Wednesday, August 31, 2016

Earth Etudes for Elul are Coming

The moon is waning once again, this time telling us that we are approaching the Jewish month of Elul, and this year, the American holiday of Labor Day. Here in Massachusetts, the heat and drought continue, making it hard to believe that summer will soon be over. But sunset arrives earlier, Shabbat evenings are longer and Shabbat days are shorter, the nights are sometimes cool, and we know in our minds, even if not our hearts, that summer cannot go on forever.

We may wonder - or not - about the drought. Someone told me today that it is putting her on edge. What does it mean for us? What kind of message is it to us about our global future?

Elul is a time for reflection, a time for teshuvah, return to G!d and to our best selves, in preparation for the Days of Awe, the holiest time in our calendar. What does teshuvah mean for us in this new era of climate disruption? How do we become the best we need to be for humanity and our planet, within the confines of our physical being and the social structures of our modern world?

There are no easy answers to these questions, but the Earth Etudes for Elul, reflections on teshuvah and Earth by members and friends of Ma'yan Tikvah - rabbis, environmentalists, regular people, gardeners, poets - can provide food for thought during this sacred time of year, this time of the turning of the seasons and the turning of our calendars. The Earth Etudes for Elul will be posted here each evening starting with Elul 1 this Saturday night, and you can use the form on the right to sign up to get them in your mailbox daily.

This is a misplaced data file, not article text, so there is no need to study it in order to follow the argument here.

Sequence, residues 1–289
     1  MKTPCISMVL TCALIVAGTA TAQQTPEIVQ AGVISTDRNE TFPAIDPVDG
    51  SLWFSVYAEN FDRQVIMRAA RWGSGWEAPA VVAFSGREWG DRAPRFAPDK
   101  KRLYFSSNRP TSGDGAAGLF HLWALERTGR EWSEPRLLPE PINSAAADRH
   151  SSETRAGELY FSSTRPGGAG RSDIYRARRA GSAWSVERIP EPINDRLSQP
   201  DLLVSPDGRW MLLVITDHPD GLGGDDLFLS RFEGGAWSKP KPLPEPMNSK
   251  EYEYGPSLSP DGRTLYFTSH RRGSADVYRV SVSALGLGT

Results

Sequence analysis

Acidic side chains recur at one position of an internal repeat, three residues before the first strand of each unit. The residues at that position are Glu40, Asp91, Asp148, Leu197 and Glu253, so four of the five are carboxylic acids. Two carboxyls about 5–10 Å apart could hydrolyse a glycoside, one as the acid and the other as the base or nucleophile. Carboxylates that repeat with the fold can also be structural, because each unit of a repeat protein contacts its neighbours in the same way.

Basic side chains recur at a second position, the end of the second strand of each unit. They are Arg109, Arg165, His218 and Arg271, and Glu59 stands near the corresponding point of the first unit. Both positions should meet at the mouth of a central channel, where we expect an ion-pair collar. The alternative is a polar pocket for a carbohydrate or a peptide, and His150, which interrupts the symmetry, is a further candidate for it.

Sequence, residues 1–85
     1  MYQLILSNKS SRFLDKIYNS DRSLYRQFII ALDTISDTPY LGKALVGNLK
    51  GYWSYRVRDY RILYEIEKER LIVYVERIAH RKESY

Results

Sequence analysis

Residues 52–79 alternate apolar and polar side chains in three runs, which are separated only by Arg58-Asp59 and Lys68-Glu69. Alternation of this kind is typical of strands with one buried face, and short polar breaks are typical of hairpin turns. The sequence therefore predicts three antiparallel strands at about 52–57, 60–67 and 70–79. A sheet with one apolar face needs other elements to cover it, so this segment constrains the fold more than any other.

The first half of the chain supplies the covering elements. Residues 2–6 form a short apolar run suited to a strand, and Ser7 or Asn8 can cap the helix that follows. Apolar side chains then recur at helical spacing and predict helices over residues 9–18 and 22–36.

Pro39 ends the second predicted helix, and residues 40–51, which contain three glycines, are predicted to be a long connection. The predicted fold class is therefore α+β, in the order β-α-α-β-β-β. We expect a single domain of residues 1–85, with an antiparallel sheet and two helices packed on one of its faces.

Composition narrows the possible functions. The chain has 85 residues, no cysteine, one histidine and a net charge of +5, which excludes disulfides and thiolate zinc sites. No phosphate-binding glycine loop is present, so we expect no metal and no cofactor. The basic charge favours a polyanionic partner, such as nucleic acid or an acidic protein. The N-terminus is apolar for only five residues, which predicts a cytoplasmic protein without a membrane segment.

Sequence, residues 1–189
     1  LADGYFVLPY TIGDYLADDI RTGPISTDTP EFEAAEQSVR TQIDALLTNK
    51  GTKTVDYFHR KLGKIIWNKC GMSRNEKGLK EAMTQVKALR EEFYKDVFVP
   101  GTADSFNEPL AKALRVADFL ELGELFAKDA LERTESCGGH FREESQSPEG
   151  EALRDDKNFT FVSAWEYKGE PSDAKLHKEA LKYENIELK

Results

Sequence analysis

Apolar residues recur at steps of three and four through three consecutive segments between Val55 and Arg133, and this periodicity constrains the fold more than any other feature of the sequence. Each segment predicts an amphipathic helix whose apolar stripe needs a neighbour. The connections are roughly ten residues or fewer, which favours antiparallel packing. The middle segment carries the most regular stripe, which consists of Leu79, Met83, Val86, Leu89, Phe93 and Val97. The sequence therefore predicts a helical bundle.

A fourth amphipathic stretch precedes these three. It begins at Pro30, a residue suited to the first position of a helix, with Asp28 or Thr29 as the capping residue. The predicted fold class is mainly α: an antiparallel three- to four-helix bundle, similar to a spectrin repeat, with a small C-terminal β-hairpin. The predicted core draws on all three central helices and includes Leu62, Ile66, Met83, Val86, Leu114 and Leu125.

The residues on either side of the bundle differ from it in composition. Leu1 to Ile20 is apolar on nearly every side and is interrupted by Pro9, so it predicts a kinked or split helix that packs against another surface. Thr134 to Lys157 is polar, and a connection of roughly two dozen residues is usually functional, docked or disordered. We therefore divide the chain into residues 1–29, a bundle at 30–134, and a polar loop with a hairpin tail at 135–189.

May your journey through this season be rich, meaningful, and deep, and may you discover within yourself new and powerful resources for confronting the challenges of life.

Chodesh tov - may you have a good month,

Rabbi Katy Z. Allen

Rabbi Katy Z. is a board certified chaplain and serves as an Eco-Chaplain and the Facilitator of One Earth Collaborative, a program of Open Spirit. She is the founder and rabbi of Ma'yan Tikvah - A Wellspring of Hope, which holds services outdoors all year long, the co-founder and President pro-tem of the Boston-based Jewish Climate Action Network, and a hospice chaplain at CareGroup Parmenter Hospice. She received her ordination from the Academy for Jewish Religion in 2005. 

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